The Secretary of State for India, Lord Birkenhead, asked the Indian leaders to prepare and produce a Constitution for India which should be acceptable to all the political parties of India. He threw this challenge twice. First in 1925 and again in 1927. This time the National Congress accepted this challenge. An All Party Conference was held at Bombay under the Presidentship of Mrs. Annie Besant in May 1928. There, a small sub committee was constituted under Motilal Nehru, to draft a Constitution for British India. The committee submitted the report, which is called the Nehru Report. It recommended the following main features of the proposed Constitution:
- Attainment of Dominion Status by India at an early date.
- The religious minorities be given full protection and their interests be safeguarded.
- The Executive had to be responsible to the Legislature, and
- India to have a Federal form of Government, with provisions of provincial autonomy.
- Linguistic organisation of the British provinces.
- The Governors to work on the advice of the Provincial Executive Councils.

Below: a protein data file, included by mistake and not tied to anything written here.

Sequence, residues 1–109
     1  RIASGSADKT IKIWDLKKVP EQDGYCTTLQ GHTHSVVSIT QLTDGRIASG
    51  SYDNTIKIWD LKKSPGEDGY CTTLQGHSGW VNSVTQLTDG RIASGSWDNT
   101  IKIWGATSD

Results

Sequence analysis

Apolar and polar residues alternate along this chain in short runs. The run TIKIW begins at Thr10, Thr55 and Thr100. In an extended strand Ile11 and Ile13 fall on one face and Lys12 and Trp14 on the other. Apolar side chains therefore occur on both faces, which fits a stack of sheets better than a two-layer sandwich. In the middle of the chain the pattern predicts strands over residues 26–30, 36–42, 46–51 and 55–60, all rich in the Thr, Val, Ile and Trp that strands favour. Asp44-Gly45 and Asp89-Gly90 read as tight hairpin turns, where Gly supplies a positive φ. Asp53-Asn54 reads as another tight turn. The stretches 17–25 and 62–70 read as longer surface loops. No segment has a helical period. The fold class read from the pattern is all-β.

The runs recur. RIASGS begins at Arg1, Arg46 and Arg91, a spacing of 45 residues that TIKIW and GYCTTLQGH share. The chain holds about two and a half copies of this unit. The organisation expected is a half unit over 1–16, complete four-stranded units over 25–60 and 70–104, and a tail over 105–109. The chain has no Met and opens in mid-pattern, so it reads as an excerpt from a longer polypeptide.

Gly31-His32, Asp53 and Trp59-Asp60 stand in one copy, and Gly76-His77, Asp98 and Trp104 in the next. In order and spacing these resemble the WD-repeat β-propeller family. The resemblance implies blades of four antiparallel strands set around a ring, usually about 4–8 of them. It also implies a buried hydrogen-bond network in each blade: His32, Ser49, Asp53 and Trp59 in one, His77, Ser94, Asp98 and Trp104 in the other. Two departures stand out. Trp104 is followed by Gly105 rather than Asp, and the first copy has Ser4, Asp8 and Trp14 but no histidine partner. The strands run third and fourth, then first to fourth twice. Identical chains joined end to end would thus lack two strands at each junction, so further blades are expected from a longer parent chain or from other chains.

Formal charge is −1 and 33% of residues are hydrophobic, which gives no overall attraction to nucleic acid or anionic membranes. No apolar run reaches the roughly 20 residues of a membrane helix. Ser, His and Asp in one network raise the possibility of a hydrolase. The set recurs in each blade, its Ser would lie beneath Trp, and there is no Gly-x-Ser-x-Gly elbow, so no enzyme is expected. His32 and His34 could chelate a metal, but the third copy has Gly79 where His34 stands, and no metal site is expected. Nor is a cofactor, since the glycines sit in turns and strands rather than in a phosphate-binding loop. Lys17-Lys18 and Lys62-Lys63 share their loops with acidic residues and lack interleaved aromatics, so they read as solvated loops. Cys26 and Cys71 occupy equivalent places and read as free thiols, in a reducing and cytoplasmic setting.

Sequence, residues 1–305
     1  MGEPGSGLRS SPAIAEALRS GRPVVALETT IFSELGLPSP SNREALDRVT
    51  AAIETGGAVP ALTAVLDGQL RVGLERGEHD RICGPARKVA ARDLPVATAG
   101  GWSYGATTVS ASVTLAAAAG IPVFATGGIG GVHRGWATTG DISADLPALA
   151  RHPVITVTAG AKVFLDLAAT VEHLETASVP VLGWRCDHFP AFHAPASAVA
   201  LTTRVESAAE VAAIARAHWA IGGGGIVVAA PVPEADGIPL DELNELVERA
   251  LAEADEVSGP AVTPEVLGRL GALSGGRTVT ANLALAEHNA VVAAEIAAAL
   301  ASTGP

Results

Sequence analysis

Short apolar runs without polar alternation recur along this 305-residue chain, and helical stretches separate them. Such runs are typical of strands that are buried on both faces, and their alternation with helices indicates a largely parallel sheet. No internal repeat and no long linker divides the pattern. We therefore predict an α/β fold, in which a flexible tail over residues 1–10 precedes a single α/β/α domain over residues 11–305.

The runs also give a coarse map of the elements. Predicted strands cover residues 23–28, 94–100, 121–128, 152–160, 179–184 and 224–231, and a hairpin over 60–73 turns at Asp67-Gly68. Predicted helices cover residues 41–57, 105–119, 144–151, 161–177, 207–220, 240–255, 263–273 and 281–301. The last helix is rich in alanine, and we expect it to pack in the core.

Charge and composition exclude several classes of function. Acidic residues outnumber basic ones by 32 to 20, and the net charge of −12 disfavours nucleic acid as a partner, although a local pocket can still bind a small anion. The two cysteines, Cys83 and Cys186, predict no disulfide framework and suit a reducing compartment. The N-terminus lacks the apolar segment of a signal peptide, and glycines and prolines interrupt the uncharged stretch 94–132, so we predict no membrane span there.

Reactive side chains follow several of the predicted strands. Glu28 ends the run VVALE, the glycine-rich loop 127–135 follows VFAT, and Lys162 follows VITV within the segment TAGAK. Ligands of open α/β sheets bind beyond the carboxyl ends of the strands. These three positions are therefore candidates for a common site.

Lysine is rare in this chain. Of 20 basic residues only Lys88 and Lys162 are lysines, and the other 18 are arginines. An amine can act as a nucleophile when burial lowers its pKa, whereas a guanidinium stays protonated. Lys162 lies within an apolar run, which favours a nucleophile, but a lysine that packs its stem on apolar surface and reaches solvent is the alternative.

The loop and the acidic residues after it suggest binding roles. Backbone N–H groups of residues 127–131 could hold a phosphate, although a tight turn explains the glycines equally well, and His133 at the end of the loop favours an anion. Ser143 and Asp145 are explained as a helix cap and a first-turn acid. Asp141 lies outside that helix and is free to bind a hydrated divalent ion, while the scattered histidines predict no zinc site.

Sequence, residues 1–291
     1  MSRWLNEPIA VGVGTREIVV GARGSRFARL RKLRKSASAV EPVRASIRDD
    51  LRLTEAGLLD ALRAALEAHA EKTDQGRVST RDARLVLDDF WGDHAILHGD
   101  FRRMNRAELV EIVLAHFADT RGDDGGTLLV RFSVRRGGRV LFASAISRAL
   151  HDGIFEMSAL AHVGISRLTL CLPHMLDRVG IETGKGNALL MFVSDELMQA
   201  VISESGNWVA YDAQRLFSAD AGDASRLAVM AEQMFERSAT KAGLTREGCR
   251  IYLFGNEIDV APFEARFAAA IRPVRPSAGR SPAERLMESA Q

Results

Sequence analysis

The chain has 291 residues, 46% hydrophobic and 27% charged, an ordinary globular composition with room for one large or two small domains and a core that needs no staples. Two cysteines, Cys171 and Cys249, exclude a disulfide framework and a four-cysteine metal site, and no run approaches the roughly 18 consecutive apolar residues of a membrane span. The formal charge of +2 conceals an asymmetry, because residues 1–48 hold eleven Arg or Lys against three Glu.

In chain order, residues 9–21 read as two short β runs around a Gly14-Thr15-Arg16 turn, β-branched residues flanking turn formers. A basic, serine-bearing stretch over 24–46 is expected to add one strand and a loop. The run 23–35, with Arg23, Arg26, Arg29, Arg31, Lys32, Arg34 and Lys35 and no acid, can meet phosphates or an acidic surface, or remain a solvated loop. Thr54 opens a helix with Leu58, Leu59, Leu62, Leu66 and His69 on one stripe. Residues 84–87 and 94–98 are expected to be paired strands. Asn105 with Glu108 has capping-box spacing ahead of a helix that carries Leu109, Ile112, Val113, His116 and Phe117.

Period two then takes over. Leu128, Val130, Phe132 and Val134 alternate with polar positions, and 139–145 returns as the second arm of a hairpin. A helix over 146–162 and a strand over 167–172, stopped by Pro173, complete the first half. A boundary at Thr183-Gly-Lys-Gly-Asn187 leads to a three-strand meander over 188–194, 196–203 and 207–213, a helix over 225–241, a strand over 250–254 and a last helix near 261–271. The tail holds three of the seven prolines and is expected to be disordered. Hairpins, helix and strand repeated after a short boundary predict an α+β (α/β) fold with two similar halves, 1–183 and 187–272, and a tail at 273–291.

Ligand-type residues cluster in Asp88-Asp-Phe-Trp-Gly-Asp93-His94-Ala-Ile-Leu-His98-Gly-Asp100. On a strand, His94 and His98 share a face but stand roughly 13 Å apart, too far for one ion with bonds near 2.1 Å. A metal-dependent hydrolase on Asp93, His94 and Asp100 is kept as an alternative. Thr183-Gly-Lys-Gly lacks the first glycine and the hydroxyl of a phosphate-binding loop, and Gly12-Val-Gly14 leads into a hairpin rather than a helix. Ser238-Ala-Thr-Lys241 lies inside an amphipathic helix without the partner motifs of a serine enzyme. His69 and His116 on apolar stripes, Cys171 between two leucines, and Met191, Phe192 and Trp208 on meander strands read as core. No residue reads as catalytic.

The committee rejected the idea of separate electorates, but favoured the protection of minorities. Shortly thereafter, the All-Party Conference was held again in December 1928 at Calcutta to consider and give final shape to Nehru’s Report which was also called ‘Nehru’s Constitution.’ Jinnah who represented the Muslim League, opposed some of its provisions. Jinnah demanded that certain safeguards for the minorities be incorporated in the Constitution. On the basis of this amendment, the Muslim League provisionally approved the Nehru Report. But the League totally rejected the report when Jinnah announced his famous Fourteen Points Plan, as the minimum condition, acceptable to the League for any political settlement.